Even when I made mistakes, my Maker still protected me immensely, like when I bought Indique Virgin Hair Extensions Bikini by Angela Simmon for $320 — more than maxing out my Chase Business Ink credit card past its $14,000 limit — because I thought with the launch of her new line, they’d be a hot seller.
I shipped them off to an Amazon fulfillment center in hopes of selling them for $477 and reaping a good profit after fees were deducted, especially if they had sold out through normal means.
Turns out a few days after I bought them, Indique released a 20% off coupon, not a good sign of great sales.
But the shipment of one tube that I sent to Amazon got “misplaced” — thank You, Jesus! — so after providing my receipt to Amazon, they reimbursed me the $320, which included the cost of shipping the product to me. I may have only took a small hit on the deeply discounted shipping rates that Amazon gives us to use their UPS corporate account to ship items to their fulfillment centers because I didn’t request that 5 bucks or whatever back. Maybe they gave it to me anyway. They are very fair.
“Procure” was the word God gave me one morning…
And I knew it was related to my FBA selling, so I looked it up to verify that the first definition of the word “procure” means to carefully obtain something.
So since then, I’ve been carefully researching the types of products that are in demand (as witness by a good Amazon sales rank) and one that I can clear a good profit on.
Some say that it’s good to buy products you know you can resell for two to three times as much as what you paid for it. Others like FBA Expert Kat Simpson (watch a couple of her YouTube videos below) recommended being able to make at least 30% profit on your products.
Although you’ll notice I haven’t disclosed the products I’m selling right now (you’ll find that a lot in the ecommerce world here and there to avoid competitors) I’m still playing around with the best way to make a profit. I sold toys that cost me $29.98 for $69 and then $59.99 later, clearing about a $17 profit each on the latter price.
But then sales seemed slow, so I cut the price to $49.99, which seems to be the sweet spot, offering me a $7 or so profit on every one sold. I figured, would I rather sell one per every few days at a $17 profit, or 10 in the same time period for a $70 profit. You get the idea…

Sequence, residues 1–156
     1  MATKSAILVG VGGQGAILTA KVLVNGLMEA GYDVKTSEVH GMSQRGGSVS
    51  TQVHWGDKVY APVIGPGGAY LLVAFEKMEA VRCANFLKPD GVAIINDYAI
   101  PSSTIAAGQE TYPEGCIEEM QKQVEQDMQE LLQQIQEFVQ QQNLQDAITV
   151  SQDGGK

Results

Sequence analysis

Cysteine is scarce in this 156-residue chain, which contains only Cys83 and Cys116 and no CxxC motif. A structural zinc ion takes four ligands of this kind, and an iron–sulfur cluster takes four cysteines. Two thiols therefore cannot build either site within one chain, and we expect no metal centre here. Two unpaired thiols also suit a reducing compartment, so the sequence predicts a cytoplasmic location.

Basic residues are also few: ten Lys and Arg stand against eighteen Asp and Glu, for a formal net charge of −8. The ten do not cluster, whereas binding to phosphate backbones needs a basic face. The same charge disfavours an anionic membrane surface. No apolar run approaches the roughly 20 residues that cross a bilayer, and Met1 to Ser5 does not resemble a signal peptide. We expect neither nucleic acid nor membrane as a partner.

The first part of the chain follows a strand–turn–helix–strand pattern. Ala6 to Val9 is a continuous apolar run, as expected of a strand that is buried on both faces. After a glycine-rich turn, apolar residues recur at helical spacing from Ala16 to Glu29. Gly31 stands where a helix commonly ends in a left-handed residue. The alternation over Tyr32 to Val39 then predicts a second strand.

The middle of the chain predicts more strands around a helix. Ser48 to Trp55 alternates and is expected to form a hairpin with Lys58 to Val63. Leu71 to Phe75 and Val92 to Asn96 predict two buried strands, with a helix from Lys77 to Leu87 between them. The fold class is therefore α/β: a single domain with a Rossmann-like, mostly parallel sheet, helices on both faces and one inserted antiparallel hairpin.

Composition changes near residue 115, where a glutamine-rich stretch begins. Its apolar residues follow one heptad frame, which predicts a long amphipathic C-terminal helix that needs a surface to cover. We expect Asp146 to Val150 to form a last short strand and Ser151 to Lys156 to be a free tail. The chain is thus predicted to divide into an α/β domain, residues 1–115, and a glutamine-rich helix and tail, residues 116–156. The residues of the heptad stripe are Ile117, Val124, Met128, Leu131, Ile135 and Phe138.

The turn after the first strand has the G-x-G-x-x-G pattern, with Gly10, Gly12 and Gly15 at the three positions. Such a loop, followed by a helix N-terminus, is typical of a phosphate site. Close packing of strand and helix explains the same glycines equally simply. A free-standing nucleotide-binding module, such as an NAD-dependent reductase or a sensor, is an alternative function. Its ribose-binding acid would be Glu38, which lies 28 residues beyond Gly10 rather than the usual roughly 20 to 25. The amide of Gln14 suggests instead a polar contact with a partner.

I’m thinking of writing a book about my whole Fulfilled by Amazon experience, especially as I gain more and more insight the longer I sell products.
If you have cash on hand or lots of credit…
…I definitely recommend you give selling products on Amazon a try, if you’re so inclined.
But be careful and don’t go buying stuff willy nilly without lots of research first, so that you’re sure that you’ll recoup what you’ve charged — and so you’ll have enough to pay off the charges.
My goal is continue to research, research, research, a lot more than I buy at first. When I find good products, first of all I make sure that I can even sell them through Amazon before I buy them by adding the product. (Another benefit of an FBA account is the ability to create a product page on Amazon if one doesn’t exist.)
Then I’ll send Amazon either one or three or four of the products as a test to see how fast they’ll sell. When they do, then I’ll send more into the retail giant and gauge the sales progress.
I like the one woman’s forum post I read that said she’s at the point of just opening boxes of inventory she has ordered, inspecting them for accuracy, and then plopping an Amazon FBA insert printout inside before shipping them off to Amazon to sell. She said she cleared — I believe cleared, not grossed — $10,000 for the month of December 2011.
I’m entering that stage now, buying more and more inventory to sell on Amazon other than the one offs I do here and there. And with that, I want to upgrade to the American Express gold card that Amex says I’m pre-approved for (praise Jesus!) and also look into getting that Amex Plum Card for my business expenses so that I can get plenty of points back for all these purchases I’m making.
I love it.
I can feel the new level of income being obtained. And to think of the fear that had surrounded me in making that minimum payment.
Jehovah Jireh has proven to be the provider He always has been, and I feel like He’s saying to tell readers about paying alms and tithes and how they can arise as sweet memorial with prayers up to God, and to keep believing in Him for everything.